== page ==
Traditional Jam and Coconut Sponge

Jam and Coconut Sponge slices

If you ask people what they remember about school dinners from their childhood, the traditional jam and coconut sponge is usually one of the first things that they say. Great big pieces, usually served with custard and often one of the few things that people liked too!

I love a traditional jam and coconut sponge. It's a really simple sponge cake, but with really soft buttery sponge, fruity strawberry jam and dessicated coconut. It's so perfect for afternoon tea, the kind of cake that you can have ready in a tin to whip out for guests. It will last  3-4 days (if you can hold out that long!)

I tend to make it as a loafcake, so that it's easy to cut slices, but if you are thinking of having it as dessert with hot custard, then it's better to make it as a traybake. That way you will get more surface area for jam and you can cut the cake in the more traditional cubes of sponge. Either way, it's good!

The Improving Cook- Traditional Jam and Coconut Sponge pinnable image

Slow Cooker Broccoli Cheese Soup

Slow Cooker Broccoli Cheese Soup in a bowl

Just in the last few days, the temperature has really dropped here in the wintery UK. I've gone very quickly from half-heartedly taking my coat with me 'just in case', to having it on plus scarf.  This, coupled with the rather temperamental central heating in my day-job workplace, means one thing; it's time for home-made soup lunches again!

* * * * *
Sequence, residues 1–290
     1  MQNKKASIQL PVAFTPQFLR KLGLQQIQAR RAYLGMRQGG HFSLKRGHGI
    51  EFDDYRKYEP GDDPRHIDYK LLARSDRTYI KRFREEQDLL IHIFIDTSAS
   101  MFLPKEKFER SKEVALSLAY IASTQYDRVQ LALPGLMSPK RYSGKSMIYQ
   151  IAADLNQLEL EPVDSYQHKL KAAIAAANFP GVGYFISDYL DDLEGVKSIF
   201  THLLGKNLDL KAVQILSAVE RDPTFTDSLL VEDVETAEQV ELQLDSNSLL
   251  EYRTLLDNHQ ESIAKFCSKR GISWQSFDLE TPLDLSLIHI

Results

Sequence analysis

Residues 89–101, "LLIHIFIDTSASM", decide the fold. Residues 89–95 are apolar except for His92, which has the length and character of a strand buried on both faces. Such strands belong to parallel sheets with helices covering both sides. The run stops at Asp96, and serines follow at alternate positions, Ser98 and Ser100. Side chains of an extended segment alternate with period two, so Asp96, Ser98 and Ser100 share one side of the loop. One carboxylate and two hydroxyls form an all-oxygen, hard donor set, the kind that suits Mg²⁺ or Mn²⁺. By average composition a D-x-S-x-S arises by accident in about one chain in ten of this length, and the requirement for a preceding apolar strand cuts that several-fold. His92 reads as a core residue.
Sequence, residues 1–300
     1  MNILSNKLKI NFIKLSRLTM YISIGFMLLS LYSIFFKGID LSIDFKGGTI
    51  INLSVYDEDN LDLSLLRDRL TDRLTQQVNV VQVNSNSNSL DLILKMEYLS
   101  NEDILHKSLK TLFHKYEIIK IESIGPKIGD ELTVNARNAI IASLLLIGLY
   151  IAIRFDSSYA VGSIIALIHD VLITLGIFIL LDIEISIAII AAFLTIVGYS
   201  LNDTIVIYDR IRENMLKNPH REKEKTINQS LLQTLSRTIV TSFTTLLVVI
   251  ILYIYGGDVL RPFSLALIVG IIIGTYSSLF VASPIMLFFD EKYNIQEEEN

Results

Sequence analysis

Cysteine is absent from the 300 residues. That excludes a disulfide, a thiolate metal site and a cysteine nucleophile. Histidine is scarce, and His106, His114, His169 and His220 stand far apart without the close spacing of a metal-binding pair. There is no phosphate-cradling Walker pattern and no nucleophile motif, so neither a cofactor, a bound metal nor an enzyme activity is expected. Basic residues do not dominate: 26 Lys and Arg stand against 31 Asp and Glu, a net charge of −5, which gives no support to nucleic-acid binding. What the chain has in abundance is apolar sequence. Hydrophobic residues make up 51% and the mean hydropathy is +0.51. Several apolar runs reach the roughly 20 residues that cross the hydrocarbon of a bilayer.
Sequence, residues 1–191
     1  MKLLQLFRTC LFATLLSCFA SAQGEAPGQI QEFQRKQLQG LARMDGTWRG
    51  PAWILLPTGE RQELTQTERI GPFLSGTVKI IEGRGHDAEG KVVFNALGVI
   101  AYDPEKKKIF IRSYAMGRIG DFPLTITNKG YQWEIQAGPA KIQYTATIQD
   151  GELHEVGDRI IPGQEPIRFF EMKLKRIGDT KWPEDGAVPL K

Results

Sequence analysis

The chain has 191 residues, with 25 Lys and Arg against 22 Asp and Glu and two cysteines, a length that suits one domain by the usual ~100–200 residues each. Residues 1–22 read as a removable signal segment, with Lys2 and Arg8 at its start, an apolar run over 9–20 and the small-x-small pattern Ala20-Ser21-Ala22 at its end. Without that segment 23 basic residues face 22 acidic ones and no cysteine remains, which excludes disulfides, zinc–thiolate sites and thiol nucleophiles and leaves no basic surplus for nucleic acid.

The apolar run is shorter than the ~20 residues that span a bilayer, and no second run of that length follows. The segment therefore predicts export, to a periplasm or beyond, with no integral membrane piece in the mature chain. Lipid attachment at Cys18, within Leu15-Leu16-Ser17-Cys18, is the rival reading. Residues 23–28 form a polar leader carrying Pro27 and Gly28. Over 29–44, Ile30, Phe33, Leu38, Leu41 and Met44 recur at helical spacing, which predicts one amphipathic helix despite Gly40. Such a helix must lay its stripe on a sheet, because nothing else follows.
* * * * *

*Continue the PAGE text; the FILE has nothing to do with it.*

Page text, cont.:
Today, I'm going for a childhood favourite, broccoli cheese soup.  It's the only soup I remember my mum making on a regular basis- enormous saucepans full of broccoli boiling away on the hob with cheddar cheese stirred through.

As you know, I am a big fan of making soup in the slow cooker, so I don't have to stand over it, or even check on it regularly. In fact, I can even confidently go out leaving something cooking, which I would never do with a pan on the hob.

Brocolli cheese soup works beautifully in the slow cooker. Brocolli, carrot and onion are pretty standard in a brocolli cheese soup, but I also use potato to add some creamy thickness. Many recipes will ask you to make a traditional cheese sauce to add to the soup, but my feeling is that my slow cooker is supposed to save me time and effort, so why would I want to faff about with a cheese sauce? Some other recipes replace this by adding a tin of condensed soup. With that idea, I think if I'm buying a tin of soup, why not just eat the tin of soup...? No- I want home-made brocolli soup, so I use potato and cheddar to get the thick, cheesiness that I am after. The bonus is that it makes it more filling too! I have suggested 100g of grated cheese for the soup, but go ahead and use more if you love cheese! The more mature the cheese, the less you'll need, because it will have a stronger flavour.

You can make nice big batches of this soup, and it will freeze well. Like most soups, it will need a really good stir when it's defrosted and re-heated, and it will be delicious.

Slow Cooker Broccoli Cheese Soup pinnable image